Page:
Both in the PICU and SICU, they serve as attending of the primary team. That means they are responsible for global care of each patient. This is the blueprint, I believe, for so-called "closed units". That is, in a closed unit, ultimate decision making rests with the attending in the unit as opposed to, for instance, the trauma attending who might have been on call the night of an MVC. Of course, there is always close cooperation between the ICU team and the trauma team (or peds team, or whatever). But the point is the anesthesia attending has profound knowledge of all the aspects of care... wound care, infectious disease, CV, Resp... you name it. I come from an non-ansthesia background, and all I can say is: Impressive. I never feel, when I'm working with an IM-trained intensivist vs. an anesthesia-trained intensivist as if one or the other is better at the actual medical side... as some cynics might assume of anesthetists.

In the PICU, same thing (though I assume they have some peds training. I don't know if it is a peds residency, an anesthesia peds fellowship... I know one has an anesthesia-cardiology fellowship completed, but I don't if that is the only fellowship training he's had or what.)

There are also "open units" where the ICU team essentially coordinates things -- this is what it sounds like is occuring in the above posters example, i.e. the surgeons are "top dogs" and dictate orders, etc. on their patients leaving the ICU team to carry out the orders and be, basically, instruments in the day to day care and active only, really, when untoward or unexpected things happen. I think being an attending in an "open unit" is somewhat less involved because of the nature of the ICU set up, not whether or not you are primarily anestheisa, IM, or surgery trained.
 
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mytirf

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At my institution, anesthesia grads serve as attendings in the PICU and the SICU.

In the PICU, same thing (though I assume they have some peds training. I don't know if it is a peds residency, an anesthesia peds fellowship... I know one has an anesthesia-cardiology fellowship completed, but I don't if that is the only fellowship training he's had or what.)

The "Closed Unit" idea is especially true of PICUs and most often the attendings do have pediatrics training. Many have completed a CCM pediatric fellowship after anesthesia or most often peds residency then CCM fellowship. There are also some combined CCM/peds anesthesia fellowships. I think one of the great things about the "closed unit" concept is that while the surgeons definitely help in the care of the patient, the ultimate responsibility lies with the CCM doc, who therefore really is the primary for the patient. I think this is nice for families (esp. in the PICU) and generally a good thing for doctors because they can develop longer term relationships with patients (if you want a little of that but not to see the patient for the next 18 years). Anyways, there are certainly a lot of opportunities and I think anesthesia does offer a great deal of flexibility. I would however consider getting some pediatrics training if you want to work in a PICU, because taking care of a newborn with hydrops is certainly different than taking care of an 80 year old with CHF. Just my opinion.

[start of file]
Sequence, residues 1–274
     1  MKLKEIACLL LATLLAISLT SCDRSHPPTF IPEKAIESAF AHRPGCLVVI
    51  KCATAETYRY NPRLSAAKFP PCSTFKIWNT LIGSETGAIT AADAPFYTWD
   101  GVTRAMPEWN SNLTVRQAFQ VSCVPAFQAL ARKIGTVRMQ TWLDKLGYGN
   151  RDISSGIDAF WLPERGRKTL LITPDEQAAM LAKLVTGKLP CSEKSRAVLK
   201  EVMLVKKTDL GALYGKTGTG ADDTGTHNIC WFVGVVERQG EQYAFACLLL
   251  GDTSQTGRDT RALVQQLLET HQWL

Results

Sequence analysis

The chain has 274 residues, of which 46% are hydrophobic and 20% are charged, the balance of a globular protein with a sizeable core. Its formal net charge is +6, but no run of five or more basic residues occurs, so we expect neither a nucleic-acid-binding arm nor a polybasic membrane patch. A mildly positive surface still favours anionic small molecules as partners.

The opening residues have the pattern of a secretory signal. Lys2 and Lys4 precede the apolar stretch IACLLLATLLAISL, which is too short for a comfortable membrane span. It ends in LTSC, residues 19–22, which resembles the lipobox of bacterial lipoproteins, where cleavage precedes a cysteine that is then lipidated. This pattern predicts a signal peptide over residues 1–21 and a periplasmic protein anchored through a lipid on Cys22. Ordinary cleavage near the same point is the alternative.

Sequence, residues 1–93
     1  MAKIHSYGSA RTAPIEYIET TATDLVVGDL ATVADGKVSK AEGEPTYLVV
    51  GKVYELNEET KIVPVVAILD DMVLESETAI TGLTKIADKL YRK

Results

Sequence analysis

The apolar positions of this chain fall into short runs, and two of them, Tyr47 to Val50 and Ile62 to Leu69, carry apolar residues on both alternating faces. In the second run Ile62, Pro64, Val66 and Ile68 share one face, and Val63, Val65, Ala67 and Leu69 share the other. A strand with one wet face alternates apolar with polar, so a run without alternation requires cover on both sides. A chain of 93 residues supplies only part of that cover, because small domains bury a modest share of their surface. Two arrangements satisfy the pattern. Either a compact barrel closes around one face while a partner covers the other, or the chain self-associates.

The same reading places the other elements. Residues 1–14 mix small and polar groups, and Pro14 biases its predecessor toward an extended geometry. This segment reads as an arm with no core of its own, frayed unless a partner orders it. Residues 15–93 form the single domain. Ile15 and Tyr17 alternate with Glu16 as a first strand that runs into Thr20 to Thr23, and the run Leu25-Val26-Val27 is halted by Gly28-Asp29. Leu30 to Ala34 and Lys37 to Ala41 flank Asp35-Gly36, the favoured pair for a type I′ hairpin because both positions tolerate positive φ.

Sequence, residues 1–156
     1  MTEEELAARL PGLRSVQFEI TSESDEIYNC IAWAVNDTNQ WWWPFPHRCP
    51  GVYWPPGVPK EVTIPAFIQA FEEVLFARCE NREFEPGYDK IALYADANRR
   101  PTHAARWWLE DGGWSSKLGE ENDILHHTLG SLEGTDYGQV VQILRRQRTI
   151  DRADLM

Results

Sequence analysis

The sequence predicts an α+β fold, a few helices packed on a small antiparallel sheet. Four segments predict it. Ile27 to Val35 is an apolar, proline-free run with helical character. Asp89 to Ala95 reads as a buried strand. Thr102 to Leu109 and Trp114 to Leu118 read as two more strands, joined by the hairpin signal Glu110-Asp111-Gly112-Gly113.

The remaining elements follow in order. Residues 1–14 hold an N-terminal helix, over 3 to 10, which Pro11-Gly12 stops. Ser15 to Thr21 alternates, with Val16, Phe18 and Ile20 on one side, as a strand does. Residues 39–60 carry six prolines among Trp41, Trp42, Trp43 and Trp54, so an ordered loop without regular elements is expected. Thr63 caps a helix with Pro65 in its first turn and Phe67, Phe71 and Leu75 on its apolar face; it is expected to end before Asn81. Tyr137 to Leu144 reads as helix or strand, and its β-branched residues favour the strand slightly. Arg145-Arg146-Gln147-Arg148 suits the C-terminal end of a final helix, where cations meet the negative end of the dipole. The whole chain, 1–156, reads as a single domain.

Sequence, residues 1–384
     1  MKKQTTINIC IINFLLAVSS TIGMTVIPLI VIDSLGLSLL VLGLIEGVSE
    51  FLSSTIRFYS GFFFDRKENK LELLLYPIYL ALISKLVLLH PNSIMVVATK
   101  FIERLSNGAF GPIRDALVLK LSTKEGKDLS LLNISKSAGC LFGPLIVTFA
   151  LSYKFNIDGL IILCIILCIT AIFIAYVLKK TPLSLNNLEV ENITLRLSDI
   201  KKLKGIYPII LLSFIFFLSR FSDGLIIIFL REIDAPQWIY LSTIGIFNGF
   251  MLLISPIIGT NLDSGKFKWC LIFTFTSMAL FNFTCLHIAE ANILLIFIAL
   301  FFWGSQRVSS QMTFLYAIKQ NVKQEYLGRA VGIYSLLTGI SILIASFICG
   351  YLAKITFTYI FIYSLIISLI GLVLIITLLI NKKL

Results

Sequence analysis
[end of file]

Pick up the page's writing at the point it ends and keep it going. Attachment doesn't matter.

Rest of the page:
Peace,
 

Stitch

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The "Closed Unit" idea is especially true of PICUs and most often the attendings do have pediatrics training. Many have completed a CCM pediatric fellowship after anesthesia or most often peds residency then CCM fellowship. There are also some combined CCM/peds anesthesia fellowships. I think one of the great things about the "closed unit" concept is that while the surgeons definitely help in the care of the patient, the ultimate responsibility lies with the CCM doc, who therefore really is the primary for the patient. I think this is nice for families (esp. in the PICU) and generally a good thing for doctors because they can develop longer term relationships with patients (if you want a little of that but not to see the patient for the next 18 years). Anyways, there are certainly a lot of opportunities and I think anesthesia does offer a great deal of flexibility. I would however consider getting some pediatrics training if you want to work in a PICU, because taking care of a newborn with hydrops is certainly different than taking care of an 80 year old with CHF. Just my opinion.

Peace,

If you're going to do PICU you need to be pediatrics trained, period. It didn't used to be that way, but now it is. Though hydrops and newborn care is more of a NICU problem, you're right: there's a big difference from adult medicine. How you get PICU boarded can vary though. Most do three years of peds followed by three years of PICU fellowship, but there are a bunch who came from peds anesthesia, meaning they did adult anesthesia with a peds fellowship THEN did PICU. There are now a few programs which will double board you in peds anethesia and PICU after a five year fellowship (after a peds residency).

As for what they do, they manage very sick kids. They put in lines, manage ventilators, deal with end of life care. The nice thing about kids is they tend to do better than adults and have better recovery rates. They also handle complex post op cases from transplants to oncology. In some institutions they manage sedations, so you can see where anesthesia fits in.

Peds anesthesiologists are in high demand, and having critical care boarding gives you a great deal of job flexibility. Many can burn out of PICU whereas anesthesia seems to have a lower burnout rate. It's also quite financially sound.